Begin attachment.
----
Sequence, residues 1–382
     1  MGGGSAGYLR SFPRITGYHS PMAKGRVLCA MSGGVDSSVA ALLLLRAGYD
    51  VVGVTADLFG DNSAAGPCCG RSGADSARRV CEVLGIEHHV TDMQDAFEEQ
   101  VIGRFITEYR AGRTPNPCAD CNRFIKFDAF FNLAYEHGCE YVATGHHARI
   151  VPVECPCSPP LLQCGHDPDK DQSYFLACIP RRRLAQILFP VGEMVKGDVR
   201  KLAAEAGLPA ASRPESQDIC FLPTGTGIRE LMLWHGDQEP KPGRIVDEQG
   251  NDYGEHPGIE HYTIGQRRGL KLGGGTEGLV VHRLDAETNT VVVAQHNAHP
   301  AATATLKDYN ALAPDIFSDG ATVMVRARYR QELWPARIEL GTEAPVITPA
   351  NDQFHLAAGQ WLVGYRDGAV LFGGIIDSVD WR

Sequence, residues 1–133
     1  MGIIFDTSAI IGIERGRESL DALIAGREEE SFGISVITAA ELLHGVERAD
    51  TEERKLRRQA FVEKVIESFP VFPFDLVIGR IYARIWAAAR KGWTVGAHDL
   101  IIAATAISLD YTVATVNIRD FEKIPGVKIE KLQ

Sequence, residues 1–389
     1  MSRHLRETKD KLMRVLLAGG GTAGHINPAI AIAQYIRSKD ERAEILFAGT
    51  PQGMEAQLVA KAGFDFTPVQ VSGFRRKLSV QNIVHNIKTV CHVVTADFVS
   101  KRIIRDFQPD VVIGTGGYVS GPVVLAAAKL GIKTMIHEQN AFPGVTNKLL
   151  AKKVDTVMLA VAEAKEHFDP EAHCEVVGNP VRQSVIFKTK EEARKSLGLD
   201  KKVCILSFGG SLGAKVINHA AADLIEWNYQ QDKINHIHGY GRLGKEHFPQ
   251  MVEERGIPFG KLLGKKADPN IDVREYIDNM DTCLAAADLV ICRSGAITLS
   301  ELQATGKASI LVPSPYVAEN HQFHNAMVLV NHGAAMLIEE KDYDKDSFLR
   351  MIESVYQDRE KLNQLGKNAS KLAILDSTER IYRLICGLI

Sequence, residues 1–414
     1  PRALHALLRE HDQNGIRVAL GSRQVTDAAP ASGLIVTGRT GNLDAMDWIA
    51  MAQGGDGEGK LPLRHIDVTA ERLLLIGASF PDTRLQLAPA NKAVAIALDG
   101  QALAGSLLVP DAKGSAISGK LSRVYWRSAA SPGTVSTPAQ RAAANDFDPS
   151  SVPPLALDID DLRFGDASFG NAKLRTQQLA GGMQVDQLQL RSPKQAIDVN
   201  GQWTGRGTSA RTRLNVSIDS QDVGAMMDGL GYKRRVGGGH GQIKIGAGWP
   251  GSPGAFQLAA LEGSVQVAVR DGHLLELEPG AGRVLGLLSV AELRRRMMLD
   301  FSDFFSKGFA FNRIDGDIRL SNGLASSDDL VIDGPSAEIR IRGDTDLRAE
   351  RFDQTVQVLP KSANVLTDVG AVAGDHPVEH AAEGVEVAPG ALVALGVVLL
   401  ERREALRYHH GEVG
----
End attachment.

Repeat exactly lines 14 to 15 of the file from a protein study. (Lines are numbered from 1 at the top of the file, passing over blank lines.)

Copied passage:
Sequence, residues 1–389
     1  MSRHLRETKD KLMRVLLAGG GTAGHINPAI AIAQYIRSKD ERAEILFAGT